I had trouble getting into this book. The story is told from five different perspectives, the first long section coming from the p.o.v. of a fairly annoying twelve year old girl, Astrid. The initial chapters are bogged down in detail, and with the minutia and Astrid’s constant “i.e.”s and “etc”s, I had to push my way through. However, I am very glad that I did. Ali Smith has created a compelling portrait of modern family life in the West. Using the war in Iraq and our worship of the media as backdrops, she illustrates our fragmentation through the Smart family and their receptivity to an enchanting stranger who deceives, ruins, and ultimately saves them.
Smith’s characters are richly drawn, their secrets many and their voices unique. I grew to like Astrid after a while, and I developed a special fondness for Magnus, the teenage brother who once was squeaky clean “Hologram Boy” and now is dealing with both his sexual awakening and the aftermath of a suicide he unintentionally caused. Dr. Michael Smart’s narrative changes in form, evolving into poetry and devolving into cliché, as his self-image inflates, deflates, and then deflates some more. Eve Smart, passive author, wife, and mother, goes through perhaps the biggest transformation. She wakes up from a life lived in deep sleep and abandons everything. She even throws her cell phone into the Grand Canyon.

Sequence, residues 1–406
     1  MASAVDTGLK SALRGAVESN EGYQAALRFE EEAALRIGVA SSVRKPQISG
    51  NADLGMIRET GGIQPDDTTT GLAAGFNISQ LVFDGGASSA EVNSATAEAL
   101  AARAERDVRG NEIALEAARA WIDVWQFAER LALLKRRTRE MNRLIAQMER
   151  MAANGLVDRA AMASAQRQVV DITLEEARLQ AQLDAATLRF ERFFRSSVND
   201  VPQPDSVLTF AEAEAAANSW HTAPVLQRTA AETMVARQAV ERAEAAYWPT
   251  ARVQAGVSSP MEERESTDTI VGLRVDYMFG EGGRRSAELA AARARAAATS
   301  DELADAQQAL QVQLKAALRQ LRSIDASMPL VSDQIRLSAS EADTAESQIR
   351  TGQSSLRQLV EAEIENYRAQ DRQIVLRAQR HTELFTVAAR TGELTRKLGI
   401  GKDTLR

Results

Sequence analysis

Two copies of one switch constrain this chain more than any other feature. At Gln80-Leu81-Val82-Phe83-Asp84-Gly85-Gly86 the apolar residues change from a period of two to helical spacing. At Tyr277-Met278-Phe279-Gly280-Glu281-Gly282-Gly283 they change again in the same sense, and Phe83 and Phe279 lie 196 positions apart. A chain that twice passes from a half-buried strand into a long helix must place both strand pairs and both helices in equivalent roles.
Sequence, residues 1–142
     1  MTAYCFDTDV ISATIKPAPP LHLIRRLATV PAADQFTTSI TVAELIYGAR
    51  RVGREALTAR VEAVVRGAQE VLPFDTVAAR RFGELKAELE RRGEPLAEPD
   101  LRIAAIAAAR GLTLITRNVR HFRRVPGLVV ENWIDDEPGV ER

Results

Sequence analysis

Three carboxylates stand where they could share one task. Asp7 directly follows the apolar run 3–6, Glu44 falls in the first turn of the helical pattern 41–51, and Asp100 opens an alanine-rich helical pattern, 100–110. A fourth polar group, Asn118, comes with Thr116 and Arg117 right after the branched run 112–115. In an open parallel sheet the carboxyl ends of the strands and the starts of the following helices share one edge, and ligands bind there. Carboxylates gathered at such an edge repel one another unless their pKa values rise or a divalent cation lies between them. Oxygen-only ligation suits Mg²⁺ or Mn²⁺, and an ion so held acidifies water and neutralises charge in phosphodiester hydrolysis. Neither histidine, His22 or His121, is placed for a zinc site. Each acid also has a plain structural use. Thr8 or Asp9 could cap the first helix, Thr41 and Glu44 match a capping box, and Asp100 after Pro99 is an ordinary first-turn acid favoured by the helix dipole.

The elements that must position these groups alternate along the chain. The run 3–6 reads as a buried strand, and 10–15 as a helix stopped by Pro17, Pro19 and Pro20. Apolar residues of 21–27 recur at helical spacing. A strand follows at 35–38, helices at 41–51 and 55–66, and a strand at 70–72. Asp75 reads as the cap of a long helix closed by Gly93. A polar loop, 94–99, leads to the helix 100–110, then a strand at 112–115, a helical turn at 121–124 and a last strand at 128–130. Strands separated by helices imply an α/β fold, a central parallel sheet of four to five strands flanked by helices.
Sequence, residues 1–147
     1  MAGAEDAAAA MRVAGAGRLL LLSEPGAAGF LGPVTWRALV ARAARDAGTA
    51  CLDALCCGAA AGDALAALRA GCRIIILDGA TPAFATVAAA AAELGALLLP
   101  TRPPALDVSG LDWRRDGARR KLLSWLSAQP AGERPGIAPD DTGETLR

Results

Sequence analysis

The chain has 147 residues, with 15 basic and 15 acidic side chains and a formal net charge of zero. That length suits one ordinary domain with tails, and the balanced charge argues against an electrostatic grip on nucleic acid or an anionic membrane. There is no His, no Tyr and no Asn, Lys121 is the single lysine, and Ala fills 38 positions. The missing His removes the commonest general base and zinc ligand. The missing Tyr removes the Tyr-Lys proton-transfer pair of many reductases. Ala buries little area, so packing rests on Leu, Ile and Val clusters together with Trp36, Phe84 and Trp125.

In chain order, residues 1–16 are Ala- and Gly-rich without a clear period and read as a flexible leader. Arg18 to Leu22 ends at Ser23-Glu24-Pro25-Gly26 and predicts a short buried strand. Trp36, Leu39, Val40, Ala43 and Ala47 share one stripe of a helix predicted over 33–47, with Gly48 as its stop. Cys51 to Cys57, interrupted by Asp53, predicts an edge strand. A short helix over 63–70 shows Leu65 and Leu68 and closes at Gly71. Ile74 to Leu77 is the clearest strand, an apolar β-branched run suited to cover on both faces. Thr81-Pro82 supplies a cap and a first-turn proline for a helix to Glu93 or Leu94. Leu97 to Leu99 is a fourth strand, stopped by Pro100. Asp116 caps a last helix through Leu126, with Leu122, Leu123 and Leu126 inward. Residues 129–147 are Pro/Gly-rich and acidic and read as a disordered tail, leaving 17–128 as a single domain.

Amber, the stranger who triggers all of this change, remains elusive. Her chapters are lyrical and evasive. Is she a thief? An angel? The voice of modernity? I like that the mystery is never solved.